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  • The original Rudolph did not have a red nose. In that day and age, red noses were seen as an indicator of chronic alcoholism and Montgomery Ward didn’t want him to look like a drunkard. To complete the original picture, he was almost named Reginald or Rollo.
  • The Christmas wreath was originally hung as a symbol of Jesus. The holly represents his crown of thorns and the red berries the blood he shed.
  • The three traditional colors of most Christmas decorations are red, green and gold. Red symbolizes the blood of Christ, green symbolized life and rebirth, and gold represents light, royalty and wealth.
  • Tinsel was invented in 1610 in Germany and was once made of real silver.
  • The oldest artificial Christmas trees date back to the late 1800s and were made of green raffia (think grass hula skirts) or dyed goose feathers. Next the Addis Brush Company used their machinery that wove toilet brushes to create pine-like branches for artificial Christmas trees that were less flammable and could hold heavier decorations.
  • ‘Jingle Bells’ – the popular Christmas song was composed by James Pierpont in Massachusetts, America. It was, however, written for thanksgiving and not Christmas.
  • Coca-Cola was the first company that used Santa Claus during the winter season for promotion.
  • Hallmark introduced their first Christmas cards in 1915.
  • The first recorded date of Christmas being celebrated on December 25th was in 336, during the time of the Roman Emperor Constantine. A few years later, Pope Julius I officially declared that the birth of Jesus would be celebrated on that day.
  • Santa Claus's sleigh is led by eight reindeer: Dasher, Dancer, Prancer, Vixen, Comet, Cupid, Dunder (variously spelled Donder and Donner), and Blixem (variously spelled Blixen and Blitzen), with Rudolph being a 20th-century inclusion.
  • Outdoor Christmas lights on homes evolved from decorating the traditional Christmas tree and house with candles during the Christmas season. Lighting the tree with small candles dates back to the 17th century and originated in Germany before spreading to Eastern Europe.
  • That big, jolly man in the red suit with a white beard didn’t always look that way. Prior to 1931, Santa was depicted as everything from a tall gaunt man to a spooky-looking elf. He has donned a bishop's robe and a Norse huntsman's animal skin. When Civil War cartoonist Thomas Nast drew Santa Claus for Harper's Weekly in 1862, Santa was a small elflike figure who supported the Union. Nast continued to draw Santa for 30 years, changing the color of his coat from tan to the red he’s known for today.
  • Christmas 2018 countdown has already begun. Will you be ready???
  • Why do we love Christmas? It's all about the traditions. In this chaotic world we can miss the "good old days." Christmas reminds us of that time.
Guest Blowmold Magic

My Little Halloween Collection, 2011

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Guest A.F.NUT

I just thought I would share some of my little stuff that I have displayed this year. Finally got all the small ones that were on my hit list. And have moved on to the collecting of the vintage pumpkin pails. I also displayed a few of my larger duplicates. I really enjoy the smaller pieces, I think because that is what started my colletion.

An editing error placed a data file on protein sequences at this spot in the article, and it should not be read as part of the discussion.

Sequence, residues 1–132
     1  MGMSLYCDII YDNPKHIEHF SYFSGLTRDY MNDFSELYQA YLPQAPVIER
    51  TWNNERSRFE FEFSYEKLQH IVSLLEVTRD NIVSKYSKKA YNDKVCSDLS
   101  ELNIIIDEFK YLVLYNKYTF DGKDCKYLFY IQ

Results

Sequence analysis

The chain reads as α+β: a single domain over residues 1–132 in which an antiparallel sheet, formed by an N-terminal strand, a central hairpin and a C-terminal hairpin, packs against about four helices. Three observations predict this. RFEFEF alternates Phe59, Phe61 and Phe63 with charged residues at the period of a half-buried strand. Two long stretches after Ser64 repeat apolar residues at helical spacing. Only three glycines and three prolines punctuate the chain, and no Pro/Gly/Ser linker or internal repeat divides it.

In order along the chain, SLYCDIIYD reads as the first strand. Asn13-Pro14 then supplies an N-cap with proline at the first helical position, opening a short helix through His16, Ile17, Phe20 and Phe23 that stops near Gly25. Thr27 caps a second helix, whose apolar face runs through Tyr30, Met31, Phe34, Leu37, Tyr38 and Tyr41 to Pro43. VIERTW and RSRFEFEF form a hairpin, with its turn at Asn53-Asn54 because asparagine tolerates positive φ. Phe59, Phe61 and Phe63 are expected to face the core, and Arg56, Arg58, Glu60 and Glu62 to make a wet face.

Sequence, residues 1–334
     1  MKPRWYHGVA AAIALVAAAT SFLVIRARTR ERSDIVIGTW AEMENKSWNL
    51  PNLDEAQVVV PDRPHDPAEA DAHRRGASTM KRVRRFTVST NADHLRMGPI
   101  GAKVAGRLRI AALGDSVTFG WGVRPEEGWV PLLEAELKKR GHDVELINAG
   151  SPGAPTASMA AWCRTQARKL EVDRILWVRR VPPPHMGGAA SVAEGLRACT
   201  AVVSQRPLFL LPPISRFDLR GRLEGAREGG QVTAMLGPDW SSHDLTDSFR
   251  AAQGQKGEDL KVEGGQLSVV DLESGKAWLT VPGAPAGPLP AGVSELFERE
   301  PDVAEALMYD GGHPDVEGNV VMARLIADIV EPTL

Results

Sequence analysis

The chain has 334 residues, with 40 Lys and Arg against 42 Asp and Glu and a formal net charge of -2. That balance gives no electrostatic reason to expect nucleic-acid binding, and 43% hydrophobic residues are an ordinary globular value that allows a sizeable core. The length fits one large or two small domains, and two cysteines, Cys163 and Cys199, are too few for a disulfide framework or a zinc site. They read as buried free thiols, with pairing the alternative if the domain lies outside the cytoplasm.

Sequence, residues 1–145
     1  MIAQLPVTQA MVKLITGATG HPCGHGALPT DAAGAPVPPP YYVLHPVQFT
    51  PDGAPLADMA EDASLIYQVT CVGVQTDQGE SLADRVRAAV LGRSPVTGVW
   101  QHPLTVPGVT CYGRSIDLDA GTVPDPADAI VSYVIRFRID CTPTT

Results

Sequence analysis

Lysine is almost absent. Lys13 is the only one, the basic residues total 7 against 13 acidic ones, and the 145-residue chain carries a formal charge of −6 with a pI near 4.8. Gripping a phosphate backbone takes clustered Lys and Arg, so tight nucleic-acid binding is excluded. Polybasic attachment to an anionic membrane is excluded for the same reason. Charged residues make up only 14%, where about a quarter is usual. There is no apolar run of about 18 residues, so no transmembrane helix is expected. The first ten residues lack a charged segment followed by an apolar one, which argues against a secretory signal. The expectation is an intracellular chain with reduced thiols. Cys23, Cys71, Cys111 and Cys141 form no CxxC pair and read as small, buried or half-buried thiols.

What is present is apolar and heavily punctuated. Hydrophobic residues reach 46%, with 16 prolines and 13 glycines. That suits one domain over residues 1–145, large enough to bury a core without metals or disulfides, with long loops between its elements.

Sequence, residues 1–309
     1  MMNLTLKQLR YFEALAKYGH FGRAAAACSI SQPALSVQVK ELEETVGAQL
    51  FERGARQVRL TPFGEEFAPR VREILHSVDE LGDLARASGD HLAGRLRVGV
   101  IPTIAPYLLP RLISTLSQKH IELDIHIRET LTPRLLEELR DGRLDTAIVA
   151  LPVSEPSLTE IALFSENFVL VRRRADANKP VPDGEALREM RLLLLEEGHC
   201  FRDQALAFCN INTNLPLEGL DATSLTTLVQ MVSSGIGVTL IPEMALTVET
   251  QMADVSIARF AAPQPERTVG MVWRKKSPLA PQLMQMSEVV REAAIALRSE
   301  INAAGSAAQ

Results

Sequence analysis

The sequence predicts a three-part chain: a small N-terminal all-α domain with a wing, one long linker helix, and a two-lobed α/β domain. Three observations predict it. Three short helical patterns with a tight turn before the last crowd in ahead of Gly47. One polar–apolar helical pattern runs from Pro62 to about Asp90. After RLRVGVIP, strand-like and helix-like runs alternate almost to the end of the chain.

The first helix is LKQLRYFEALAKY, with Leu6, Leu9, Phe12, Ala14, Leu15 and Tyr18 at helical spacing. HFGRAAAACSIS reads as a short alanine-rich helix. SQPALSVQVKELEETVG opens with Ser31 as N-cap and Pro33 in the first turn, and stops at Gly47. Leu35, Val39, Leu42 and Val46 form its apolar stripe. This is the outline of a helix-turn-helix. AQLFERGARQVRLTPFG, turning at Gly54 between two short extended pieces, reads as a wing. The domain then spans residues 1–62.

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GREAT Tom!!! Very nice collection!!! I have some "smalls" that my mother in law gave me that are brand new with stickers on them.. I like the little ones in the house but the wife doesnt ~!

Jim

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Nice looking pieces Tom, I do like the pails and you are lucky to live in an area where you can find them localy. I too really like the small pieces and that is mostly what I have been getting over the last few months and I have a few more on the way now. Have you been doing anything with the UP small injection molded battery lighted #90, 95 & 99 Jack-O-Lanterns from the 50's and 60's? I have picked a few of those up also.

Mel

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What amazes me is there are so many in the photos (especially the last photo) that I have no clue who made them. Other than Empire, Bayshore, and General Foam, anyone know who else made Halloween blowmolds in the 60's? I know a company called Gregg Products made some Empire knockoffs.... 1) Row 4 from the top - last item on the right and 2) Row 5 from the top - 2nd item from the left. I wonder if they made others?

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Guest Mr. Griswold

Great collection Tom as always! I enjoy seeing the Halloween Favorites in Plastic book on the coffee table as well.

In your final picture the is a pumpkin on the floor 3rd from the right. Does its mouth say something mabye "Boo"? I am curious who made that particular mold.

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You have a very impressive collection. I like your pail collection. My favorite is the tall on the left in the 5th picture. It is an unusual shape and size. I wish I had the room to display so many inside like you do.

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Guest A.F.NUT